/ 8 August 2007

Musharraf pulls out of anti-terror meet

Pakistani President Pervez Musharraf on Wednesday cancelled a trip to Afghanistan to attend a key anti-terrorism meeting, citing a previous engagement amid heightened security concerns.

On the eve of a high-profile meeting of leaders from volatile regions bordering the two countries, Musharraf telephoned Afghan President Hamid Karzai to tell him that he would not attend, the Foreign Ministry said.

The Pakistani president would send Prime Minister Shaukat Aziz in his place, it said in a statement.

”The president assured the Afghan president of Pakistan’s full support in making the joint peace jirga a success,” the statement said.

”The president mentioned to President Karzai that because of his engagements in the capital, he could not personally attend,” it said.

Musharraf’s no-show comes despite the fact that the council, or jirga, was brokered by United States President George Bush in a meeting with the Afghan and Pakistani leaders in Washington last September.

”We believe the absence of President Musharraf, who is busy at home, won’t effect the jirga,” Afghan Foreign Ministry spokesperson Sultan Ahmad Baheen told Agence France-Presse (AFP) in Kabul.

Despite the official explanation for Musharraf’s withdrawal, a senior government source told AFP that security concerns were behind the decision.

”The decision has been taken due to security concerns for the president,” said the source, speaking on condition of anonymity and declining to elaborate.

The military leader has survived a number of assassination attempts.

The jirga, which aims to bring together tribal leaders from the troubled mountain region bordering the two countries — believed to be a haven for Taliban and al-Qaeda operatives — has been billed as an opportunity for them to thrash out an anti-terrorism strategy.

Both Musharraf and Karzai were due to attend the meeting, although leaders of two of Pakistan’s seven tribal regions, restive North and South Waziristan, have already announced a boycott.

Musharraf’s absence was calculated to send a strong message to his US allies, according to a Pakistani analyst.

”This sudden development only goes to show how things have got worse between the allies in the war on terror,” defence analyst Talat Masood said.

”Musharraf is also trying to convey a very strong message that he is very unhappy with what the Bush administration and other presidential hopefuls have been saying about the role of Pakistan,” he said.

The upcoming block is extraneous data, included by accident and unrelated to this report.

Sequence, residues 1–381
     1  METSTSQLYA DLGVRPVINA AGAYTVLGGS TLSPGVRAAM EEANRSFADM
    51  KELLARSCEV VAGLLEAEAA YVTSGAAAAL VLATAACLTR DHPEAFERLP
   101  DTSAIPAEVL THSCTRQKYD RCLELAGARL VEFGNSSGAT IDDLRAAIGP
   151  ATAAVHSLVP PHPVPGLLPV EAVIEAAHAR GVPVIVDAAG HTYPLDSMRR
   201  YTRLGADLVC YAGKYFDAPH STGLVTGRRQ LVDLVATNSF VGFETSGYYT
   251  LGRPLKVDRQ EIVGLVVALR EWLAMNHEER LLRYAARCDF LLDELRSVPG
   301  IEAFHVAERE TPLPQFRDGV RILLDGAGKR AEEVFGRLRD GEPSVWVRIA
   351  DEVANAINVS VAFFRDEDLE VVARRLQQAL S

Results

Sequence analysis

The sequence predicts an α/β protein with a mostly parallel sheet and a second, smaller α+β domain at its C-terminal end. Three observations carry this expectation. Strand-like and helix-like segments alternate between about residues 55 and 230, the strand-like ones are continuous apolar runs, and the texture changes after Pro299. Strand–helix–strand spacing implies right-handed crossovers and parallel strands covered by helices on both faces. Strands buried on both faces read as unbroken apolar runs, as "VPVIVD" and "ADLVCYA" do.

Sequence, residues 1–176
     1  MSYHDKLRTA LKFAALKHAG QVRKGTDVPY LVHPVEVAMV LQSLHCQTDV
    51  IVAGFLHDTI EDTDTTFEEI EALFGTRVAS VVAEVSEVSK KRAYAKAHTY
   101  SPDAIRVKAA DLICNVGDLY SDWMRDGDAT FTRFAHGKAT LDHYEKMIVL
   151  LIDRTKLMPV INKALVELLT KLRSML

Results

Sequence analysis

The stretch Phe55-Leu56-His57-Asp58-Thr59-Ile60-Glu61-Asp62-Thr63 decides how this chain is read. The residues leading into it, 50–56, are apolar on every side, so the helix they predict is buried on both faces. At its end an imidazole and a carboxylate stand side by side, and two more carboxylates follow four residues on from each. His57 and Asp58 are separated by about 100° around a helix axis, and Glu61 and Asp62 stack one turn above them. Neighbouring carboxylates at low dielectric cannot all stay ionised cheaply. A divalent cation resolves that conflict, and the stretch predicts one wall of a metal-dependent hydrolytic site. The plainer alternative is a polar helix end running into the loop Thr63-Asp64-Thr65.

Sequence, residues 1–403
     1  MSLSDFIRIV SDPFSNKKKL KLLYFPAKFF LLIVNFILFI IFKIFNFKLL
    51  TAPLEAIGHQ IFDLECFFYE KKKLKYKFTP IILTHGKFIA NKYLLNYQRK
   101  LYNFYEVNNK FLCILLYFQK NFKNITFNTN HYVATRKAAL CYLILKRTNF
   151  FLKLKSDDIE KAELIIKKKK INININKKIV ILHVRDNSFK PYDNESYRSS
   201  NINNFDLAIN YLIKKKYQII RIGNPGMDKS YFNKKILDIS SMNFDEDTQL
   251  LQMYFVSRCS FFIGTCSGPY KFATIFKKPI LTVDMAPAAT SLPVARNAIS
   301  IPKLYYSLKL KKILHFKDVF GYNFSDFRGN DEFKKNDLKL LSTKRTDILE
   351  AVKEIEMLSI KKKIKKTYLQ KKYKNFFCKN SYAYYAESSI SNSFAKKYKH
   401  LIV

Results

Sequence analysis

”This should win him domestic support.”

Masood said the boycott by elders from North and South Waziristan ”could also be a contributing factor and give a clear indication that the results would not be encouraging”.

Musharraf has been under intensifying pressure to tackle militancy in the tribal regions, and has been angered by accusations from Washington that Pakistan has become a safe haven for al-Qaeda and a regrouped Taliban.

Karzai has also repeatedly stated that much of the violence that has dogged Afghanistan has been planned and carried out by Taliban militia based on the Pakistan side of their shared border.

The jirga, due to be attended by about 700 tribal representatives, had been organised amid great fanfare and hopes that the elders would be able to use their influence to quell escalating terrorist activities.

Violence in Pakistan’s tribal region has spiked since the collapse of a peace deal between pro-Taliban militants and government forces deployed there since 2002 to hunt down al-Qaeda leader Osama bin Laden.

Pakistan’s military said on Wednesday it killed at least 12 militants in a major raid near the Afghan border using helicopter gunships and mortars in Miranshah, the main town in North Waziristan.

A local intelligence officer said the hide-out was used by al-Qaeda operatives.

The US describes the region as a safe haven for terrorists and has pressured Islamabad to deal with what it says is a festering threat. US officials and presidential candidates have threatened unilateral air strikes on Pakistani territory to root them out.

This prompted a stern response from Musharraf, who Tuesday reiterated his opposition to any US counter-terror action inside Pakistani territory. — AFP